Millennials may be easy targets for scammers due to snap decisions and a feeling of invincibility.
New research from the Better Business Bureau is shattering the stereotype of your typical scam victim.
Their research shows Millennials are actually more vulnerable to scams than Baby Boomers and older. CEO of the Better Business Bureau serving Western Ontario including Oxford County Deborah Brady says there are a number of reasons why Millennials are more likely to be scam victims.
"They have the invincibility belief. So they always think these things won't happen to them, they make their decisions very quickly, and perhaps because young people don't feel at risk they are more likely to be at risk because they are not taking precautions."
Another reason is because the OPP and others have spent so much time teaching Baby Boomers and seniors about how to protect themselves from scams.
Brady says normally when you think of a scam victim you think of a the "little old lady" with white hair and that is simply not case.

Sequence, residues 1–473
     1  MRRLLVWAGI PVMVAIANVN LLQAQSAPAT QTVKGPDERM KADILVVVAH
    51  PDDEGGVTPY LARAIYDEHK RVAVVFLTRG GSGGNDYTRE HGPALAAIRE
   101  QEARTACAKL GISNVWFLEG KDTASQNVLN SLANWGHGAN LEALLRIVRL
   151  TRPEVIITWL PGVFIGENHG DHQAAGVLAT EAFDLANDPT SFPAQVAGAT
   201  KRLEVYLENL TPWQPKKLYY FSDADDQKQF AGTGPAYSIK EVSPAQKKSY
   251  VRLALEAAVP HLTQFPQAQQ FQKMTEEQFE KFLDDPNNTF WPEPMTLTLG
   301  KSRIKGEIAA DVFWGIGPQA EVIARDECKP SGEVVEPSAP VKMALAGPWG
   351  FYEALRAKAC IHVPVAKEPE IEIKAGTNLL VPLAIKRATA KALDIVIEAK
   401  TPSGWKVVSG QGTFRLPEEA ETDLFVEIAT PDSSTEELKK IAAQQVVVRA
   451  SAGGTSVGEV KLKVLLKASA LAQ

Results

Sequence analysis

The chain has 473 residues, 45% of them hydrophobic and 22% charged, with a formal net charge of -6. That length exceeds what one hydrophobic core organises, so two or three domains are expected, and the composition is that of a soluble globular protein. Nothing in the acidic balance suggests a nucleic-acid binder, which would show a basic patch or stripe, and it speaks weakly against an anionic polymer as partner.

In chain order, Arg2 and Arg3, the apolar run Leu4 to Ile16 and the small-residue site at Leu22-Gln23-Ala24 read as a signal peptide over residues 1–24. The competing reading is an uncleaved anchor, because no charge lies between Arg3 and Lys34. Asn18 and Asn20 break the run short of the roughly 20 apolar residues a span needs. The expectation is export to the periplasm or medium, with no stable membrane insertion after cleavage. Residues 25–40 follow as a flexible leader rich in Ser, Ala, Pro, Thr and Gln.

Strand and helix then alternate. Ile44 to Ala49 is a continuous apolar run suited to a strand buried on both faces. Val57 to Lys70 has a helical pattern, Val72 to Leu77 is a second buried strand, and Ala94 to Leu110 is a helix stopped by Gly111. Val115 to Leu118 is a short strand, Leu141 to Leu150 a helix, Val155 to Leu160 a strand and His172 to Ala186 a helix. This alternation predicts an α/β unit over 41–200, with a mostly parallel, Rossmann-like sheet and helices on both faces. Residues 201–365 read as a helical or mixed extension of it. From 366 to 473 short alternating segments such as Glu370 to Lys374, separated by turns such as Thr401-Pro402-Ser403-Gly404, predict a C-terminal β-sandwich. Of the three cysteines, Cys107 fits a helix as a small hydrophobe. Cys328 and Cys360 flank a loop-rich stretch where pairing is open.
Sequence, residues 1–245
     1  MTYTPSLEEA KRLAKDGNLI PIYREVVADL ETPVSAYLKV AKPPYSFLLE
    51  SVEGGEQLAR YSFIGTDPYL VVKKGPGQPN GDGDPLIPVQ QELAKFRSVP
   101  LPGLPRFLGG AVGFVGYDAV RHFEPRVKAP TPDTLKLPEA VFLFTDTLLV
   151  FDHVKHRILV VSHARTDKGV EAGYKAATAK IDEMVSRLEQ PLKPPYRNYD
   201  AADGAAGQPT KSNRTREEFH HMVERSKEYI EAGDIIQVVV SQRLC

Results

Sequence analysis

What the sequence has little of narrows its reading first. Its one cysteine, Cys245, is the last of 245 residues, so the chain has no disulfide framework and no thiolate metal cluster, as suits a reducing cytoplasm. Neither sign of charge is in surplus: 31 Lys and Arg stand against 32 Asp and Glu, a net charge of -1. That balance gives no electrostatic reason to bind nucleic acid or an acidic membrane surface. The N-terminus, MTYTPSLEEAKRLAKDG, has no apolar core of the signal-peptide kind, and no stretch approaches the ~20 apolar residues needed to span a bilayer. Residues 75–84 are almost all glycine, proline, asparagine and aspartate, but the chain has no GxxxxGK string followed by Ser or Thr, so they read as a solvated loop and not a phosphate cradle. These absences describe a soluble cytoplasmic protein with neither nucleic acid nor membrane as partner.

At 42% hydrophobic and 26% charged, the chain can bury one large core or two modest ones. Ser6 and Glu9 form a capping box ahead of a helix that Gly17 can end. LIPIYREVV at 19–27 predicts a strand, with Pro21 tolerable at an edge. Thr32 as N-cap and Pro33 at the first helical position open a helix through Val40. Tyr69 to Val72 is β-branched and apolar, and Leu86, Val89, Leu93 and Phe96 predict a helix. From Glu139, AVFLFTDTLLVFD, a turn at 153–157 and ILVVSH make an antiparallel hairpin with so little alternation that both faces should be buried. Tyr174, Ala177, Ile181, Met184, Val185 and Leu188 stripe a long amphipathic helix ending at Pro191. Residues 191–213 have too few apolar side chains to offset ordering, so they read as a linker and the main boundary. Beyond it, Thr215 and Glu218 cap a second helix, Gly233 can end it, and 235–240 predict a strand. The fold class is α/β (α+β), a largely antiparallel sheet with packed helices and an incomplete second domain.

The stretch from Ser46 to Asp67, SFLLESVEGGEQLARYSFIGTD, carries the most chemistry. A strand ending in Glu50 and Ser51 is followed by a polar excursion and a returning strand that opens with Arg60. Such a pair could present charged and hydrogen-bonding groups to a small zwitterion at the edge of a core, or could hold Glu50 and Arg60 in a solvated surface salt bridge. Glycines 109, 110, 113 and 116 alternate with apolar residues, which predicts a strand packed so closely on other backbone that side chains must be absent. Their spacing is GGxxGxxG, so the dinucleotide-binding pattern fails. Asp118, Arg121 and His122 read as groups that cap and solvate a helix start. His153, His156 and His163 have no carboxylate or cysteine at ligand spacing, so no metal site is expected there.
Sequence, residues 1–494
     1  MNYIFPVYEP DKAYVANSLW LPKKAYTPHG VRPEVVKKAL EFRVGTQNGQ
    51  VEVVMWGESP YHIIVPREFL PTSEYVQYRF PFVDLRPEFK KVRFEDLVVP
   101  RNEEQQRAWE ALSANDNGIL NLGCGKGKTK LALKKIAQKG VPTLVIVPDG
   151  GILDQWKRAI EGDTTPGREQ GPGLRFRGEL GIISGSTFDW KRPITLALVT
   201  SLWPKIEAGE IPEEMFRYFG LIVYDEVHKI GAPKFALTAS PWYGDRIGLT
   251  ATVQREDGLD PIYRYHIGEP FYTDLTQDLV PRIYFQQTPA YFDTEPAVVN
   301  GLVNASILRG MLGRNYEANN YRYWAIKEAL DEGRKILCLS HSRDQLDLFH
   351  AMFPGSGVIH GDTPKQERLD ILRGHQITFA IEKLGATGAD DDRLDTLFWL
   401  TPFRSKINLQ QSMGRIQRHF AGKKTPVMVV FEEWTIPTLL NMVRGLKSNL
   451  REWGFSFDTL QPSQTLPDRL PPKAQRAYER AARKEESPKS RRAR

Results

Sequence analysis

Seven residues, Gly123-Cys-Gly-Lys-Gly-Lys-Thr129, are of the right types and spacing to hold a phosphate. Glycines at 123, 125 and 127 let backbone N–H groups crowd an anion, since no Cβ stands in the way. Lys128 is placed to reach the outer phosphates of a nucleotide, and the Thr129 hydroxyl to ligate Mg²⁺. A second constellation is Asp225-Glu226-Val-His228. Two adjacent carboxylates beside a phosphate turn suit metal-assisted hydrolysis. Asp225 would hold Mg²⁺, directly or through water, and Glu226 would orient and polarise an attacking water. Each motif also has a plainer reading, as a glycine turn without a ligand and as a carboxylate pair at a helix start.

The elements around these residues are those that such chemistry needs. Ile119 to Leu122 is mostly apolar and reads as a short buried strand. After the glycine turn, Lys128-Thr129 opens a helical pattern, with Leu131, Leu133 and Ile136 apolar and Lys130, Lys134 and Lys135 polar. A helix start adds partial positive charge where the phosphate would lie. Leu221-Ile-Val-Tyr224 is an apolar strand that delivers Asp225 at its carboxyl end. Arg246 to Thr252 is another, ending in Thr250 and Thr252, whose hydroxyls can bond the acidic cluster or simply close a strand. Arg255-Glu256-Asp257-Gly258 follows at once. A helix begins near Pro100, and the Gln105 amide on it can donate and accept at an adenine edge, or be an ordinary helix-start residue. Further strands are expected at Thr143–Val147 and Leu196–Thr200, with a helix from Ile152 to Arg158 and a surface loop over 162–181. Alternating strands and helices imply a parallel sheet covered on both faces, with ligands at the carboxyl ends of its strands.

"It turns those stereotypes upside down completely and there is about even frequency on people being contacted by scammers."
The study's co-author Emma Fetcher who is the Product Manager with the BBB Institute says we've bought into stereotypes about scam victims.
"They're usually seen as vulnerable and elderly, or gullible and poorly educated. These stereotypes are strongly held... and they are wrong. We are all at risk, but younger and more educated individuals are actually the most likely to be scammed."
Brady says she thinks this research is very important moving forward.
"This research is so vital, not only to stop scammers from hurting consumers, but to help businesses. That $50 billion 'underground' economy is stealing from the legitimate marketplace. Every dollar lost to a scam is a dollar not spent at a lawful, trustworthy business."
Millennials are especially vulnerable to scams involving credit.